Oddly enough, it starts out by taking Tolkien at his word when he says that The Lord of the Rings arose from his invented languages. We are then taken on a short but thorough and enthralling side-tour of modern literary criticism forms so we can be told, “No, don’t read such things into his work.”
Then Tolkien’s true influences shine forth. Here we have a discussion of Tolkien’s polylingual background which led to his intentional use of different voices for various races. There we see revealed the myths that are the crux of ancient languages that he mingled in unusual ways (there’s a pattern). Tolkien’s influences from not only his philological background and his chosen Catholicism and, indeed, all of Western thought are laid bare. The lineage, rationale and Tolkien’s documented and extrapolated thought processes behind his creation of orcs, elves, dwarves, dragons and Rings are revealed in insights of unexpected splendor.
Not all of the author’s comments are glowing. Much is made—and rightfully so—about Tolkien’s inability to finish the Lost Tales or The Silmarillion. There, too, are lessons to be learned by example. The reasons Tolkien was sidetracked were only partly known to this reviewer, and I learned from them. These insights may also prove very useful and instructive to novice through experienced writers.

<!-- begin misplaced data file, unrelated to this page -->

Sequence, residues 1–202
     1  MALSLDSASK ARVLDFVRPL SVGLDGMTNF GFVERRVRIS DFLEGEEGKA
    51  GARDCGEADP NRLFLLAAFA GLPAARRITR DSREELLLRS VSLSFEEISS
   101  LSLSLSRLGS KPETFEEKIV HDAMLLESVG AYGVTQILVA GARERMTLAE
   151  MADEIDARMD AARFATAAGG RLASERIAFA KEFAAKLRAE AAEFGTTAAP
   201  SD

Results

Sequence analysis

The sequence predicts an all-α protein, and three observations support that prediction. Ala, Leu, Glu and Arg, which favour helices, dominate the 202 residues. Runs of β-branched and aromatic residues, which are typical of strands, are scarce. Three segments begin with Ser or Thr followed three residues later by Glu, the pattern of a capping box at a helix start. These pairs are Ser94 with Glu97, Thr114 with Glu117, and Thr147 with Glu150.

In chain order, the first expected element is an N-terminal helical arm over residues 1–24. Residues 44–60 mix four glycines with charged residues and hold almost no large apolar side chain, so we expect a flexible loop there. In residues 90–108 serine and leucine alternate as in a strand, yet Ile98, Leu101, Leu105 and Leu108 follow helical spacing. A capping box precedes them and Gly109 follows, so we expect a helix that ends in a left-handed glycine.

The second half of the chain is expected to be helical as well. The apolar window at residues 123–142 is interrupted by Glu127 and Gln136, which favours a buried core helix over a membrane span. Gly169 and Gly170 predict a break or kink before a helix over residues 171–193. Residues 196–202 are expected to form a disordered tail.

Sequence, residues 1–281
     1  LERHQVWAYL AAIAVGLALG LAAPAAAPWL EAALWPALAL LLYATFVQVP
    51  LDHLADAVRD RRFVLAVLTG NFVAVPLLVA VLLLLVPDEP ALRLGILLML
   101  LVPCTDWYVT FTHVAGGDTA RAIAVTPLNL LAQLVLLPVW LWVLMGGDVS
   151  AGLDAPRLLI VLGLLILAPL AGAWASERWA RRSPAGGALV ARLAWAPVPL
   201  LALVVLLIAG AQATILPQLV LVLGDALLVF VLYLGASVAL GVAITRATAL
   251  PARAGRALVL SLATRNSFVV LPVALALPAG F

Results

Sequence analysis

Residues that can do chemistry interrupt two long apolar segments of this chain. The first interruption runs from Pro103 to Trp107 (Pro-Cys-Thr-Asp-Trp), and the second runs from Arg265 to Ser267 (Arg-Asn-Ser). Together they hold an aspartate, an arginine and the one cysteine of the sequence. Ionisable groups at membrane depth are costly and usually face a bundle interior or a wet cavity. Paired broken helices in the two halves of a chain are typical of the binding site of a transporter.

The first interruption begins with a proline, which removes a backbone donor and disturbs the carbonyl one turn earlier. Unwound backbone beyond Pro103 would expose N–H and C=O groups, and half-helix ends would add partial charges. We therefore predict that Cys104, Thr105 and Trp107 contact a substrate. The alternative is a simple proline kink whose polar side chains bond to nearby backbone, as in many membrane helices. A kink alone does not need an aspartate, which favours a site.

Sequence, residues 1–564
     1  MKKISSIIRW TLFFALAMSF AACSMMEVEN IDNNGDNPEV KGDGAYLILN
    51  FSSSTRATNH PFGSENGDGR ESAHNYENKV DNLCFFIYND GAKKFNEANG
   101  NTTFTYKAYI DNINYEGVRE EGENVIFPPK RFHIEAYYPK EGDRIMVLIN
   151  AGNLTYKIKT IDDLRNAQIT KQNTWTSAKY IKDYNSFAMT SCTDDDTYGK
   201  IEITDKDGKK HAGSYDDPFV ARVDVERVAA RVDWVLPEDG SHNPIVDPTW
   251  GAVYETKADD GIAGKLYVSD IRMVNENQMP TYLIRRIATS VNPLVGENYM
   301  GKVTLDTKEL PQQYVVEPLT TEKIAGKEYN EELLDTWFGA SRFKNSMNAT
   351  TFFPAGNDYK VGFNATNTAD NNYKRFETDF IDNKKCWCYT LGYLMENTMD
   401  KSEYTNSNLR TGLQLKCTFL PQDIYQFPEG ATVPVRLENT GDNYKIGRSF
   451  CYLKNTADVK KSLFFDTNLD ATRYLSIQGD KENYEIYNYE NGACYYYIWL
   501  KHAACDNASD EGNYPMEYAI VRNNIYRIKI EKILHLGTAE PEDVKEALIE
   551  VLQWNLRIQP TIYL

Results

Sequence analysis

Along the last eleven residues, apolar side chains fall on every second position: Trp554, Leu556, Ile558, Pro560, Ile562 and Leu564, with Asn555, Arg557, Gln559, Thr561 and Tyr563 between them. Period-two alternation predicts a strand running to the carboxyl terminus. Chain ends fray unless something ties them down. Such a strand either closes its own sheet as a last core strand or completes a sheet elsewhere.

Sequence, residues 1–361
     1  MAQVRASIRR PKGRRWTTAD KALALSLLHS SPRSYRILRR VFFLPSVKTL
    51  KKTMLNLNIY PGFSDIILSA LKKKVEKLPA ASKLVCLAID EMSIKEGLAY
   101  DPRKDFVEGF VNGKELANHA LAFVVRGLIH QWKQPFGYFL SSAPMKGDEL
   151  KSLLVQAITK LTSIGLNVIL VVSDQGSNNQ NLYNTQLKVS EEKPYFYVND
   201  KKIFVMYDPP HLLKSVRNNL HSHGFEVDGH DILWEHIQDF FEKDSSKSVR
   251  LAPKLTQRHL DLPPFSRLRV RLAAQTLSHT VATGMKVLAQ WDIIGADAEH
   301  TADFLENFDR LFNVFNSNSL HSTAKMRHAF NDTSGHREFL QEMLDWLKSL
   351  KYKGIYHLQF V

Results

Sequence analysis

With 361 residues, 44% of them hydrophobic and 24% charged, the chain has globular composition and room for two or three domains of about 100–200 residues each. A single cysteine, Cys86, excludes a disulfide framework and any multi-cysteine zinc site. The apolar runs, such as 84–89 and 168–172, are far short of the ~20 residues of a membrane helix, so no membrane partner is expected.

Finally, after a rather thorough bibliography, quotes in the book are sourced. References are located in the back in a way that takes into account the vagaries of ebooks and their lack of page-numbering. This is good, as Writing Down the Dragon is a work to be re-read and studied.
Much of the information in this book was new to me and—as an avid Tolkien reader—I will guard it in my heart as jealously as any dragon’s hoard. Tom Simon’s words, and insights, shine like gold.
The Poets of Pevana
by Mark Nelson (Hadley Rille Books)
To be honest, at first the opening section with the maunderings of a lovelorn, poetry-spouting, unemployed, disinherited fool–who was pining away for a married woman no less–did not appeal to me. But the preface hinted that Taylior had been struck by a divine arrow and was in the hands of fate. I continued to read.
I was very glad I did. For there were two more poets and two others struck by the same arrows, and everything that happened to them tied together in an adventure I shall not soon forget. A prince who had forgotten to rule was in danger of being overcome by a state religion that had forgotten to care, and the fate of people of Pevana hung in the balance, until the gods of Pevana’s Old Ways tipped the scales. And the fulcrum was their traditionally revered poets, speaking truth.
One thing I found refreshing about this novel was that it hit a grace note regarding a pet peeve of mine. This reviewer has seen the “evil and insincere religious-types smother the populace” trope done to death. Not so here. The Poets of Pevana does feature some scheming people within a state religion – people doing things to enhance their personal power, but it is all laid out in a believable way. Another bête noir in fantasy books with a “long ago and far away” setting is feminist elements thrown as indigestible lumps: instead, Poets of Pevana also has a rather feminist twist that that is integral to the story. And in the end, everyone has changed and grown, and justice at least has a fair chance.
A very, very satisfying book. I look forward to reading the sequel, Kings Gambit, which I understand is coming out very soon.